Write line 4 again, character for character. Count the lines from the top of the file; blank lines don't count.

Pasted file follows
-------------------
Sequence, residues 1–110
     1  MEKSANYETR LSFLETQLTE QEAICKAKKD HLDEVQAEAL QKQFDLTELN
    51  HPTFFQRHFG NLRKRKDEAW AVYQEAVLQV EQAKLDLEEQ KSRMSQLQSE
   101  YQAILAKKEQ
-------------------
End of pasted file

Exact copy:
   101  YQAILAKKEQ